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EDITORIAL: San Quentin college accreditation will help inmates bridge gap

Marin Independent Journal - 4/9/2022

Apr. 9—If we're serious about ending recidivism, the accreditation of Mount Tamalpais College for San Quentin Prison inmates meets that goal.

The Western Association of Schools and Colleges has reviewed the prison school's curriculum and educational standards and given its courses accreditation as community and junior college credits.

Free courses have been offered to San Quentin inmates for years, providing a college preparatory program and an associate's degree program in hopes that its students can make use of their education when they fulfill their terms and are released from prison.

In addition, the hope is that the educational opportunities and advantages will lead them away from returning to the criminal behavior that led to their prison sentences.

One school leader calls it "an important turning point."

According to a story posted on the Inside Higher Ed website, the college serves about 300 students and is mostly funded by private philanthropy.

College courses have been offered for years, mostly through a connection to a for-profit private college. Tamalpais College has taken over the job, forming an independent program.

Accreditation is educational recognition that the college's offerings have the same standards as schools outside of the prison's walls.

The story quotes Shannon Swain, the superintendent of the Office of Correctional Education for the state Department of Corrections and Rehabilitation, as saying such programs bolster "morale" where "they're focused on their own recovery, they're focused on their future, and it influences the people around them."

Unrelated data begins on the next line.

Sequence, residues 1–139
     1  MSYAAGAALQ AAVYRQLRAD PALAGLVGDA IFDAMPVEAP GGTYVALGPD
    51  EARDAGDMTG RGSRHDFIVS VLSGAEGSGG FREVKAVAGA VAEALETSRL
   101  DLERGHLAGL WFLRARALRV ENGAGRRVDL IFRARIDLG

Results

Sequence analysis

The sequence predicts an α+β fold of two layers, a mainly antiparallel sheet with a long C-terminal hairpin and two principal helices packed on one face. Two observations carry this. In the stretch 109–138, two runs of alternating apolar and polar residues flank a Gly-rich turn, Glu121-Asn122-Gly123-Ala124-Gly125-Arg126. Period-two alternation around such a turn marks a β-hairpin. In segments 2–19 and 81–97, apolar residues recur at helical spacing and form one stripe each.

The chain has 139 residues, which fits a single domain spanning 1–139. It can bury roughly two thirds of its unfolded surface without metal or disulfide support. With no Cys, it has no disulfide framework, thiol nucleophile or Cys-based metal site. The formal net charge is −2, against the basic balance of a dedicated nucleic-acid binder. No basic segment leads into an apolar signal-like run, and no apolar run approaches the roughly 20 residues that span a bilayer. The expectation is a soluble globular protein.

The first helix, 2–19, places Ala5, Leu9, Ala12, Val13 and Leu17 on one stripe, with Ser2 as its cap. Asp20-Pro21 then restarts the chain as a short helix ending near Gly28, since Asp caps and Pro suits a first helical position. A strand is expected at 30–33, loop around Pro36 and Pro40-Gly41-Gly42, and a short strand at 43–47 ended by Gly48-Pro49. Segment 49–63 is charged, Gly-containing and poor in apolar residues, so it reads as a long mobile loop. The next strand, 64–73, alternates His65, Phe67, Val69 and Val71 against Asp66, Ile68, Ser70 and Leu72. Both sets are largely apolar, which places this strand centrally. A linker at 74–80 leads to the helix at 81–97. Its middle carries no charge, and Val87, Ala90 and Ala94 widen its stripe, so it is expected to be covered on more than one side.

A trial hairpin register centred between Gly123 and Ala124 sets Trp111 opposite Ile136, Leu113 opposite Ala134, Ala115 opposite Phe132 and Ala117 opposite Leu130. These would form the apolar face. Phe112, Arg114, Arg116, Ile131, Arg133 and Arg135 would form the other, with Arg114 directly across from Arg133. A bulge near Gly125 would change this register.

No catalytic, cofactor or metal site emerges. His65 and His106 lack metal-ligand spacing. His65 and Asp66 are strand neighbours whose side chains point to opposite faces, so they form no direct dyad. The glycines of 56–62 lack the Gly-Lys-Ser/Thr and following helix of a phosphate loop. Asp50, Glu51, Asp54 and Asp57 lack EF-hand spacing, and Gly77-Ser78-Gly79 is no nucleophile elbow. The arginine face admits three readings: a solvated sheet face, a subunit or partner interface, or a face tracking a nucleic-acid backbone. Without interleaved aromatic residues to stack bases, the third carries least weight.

It is also an example of bridging an equity gap where for many people a college education was socially and financially out of reach.

Many of the independent school's former students are now furthering their education, enrolled at California State University and University of California campuses.

Earning accreditation is also a "turning point" for the growth of the school and helps broaden public awareness that access to education is an important human right.

The college's goals include development of a computer lab and strengthening its science, technology, engineering and math offerings.

Prison warden Ronald Bloomfield says the independent college offers its students "an amazing high-quality education."

Its faculty members are volunteers, many of them Marin residents or educators from local colleges and universities, among them University of California, Berkeley and San Francisco State University.

These generous volunteers want to help others steer their lives away from crime and prison.

"Graduates leave the college with knowledge and skills essential to becoming productive citizens," Bloomfield said.

That's a goal aimed at keeping them out of prison after they have served their time of lost freedom.

Giving them a strong foundation for a new start, complete with the tools, goals and hope that education can offer, may be a well-earned ticket away from the criminal behavior that led them to San Quentin.


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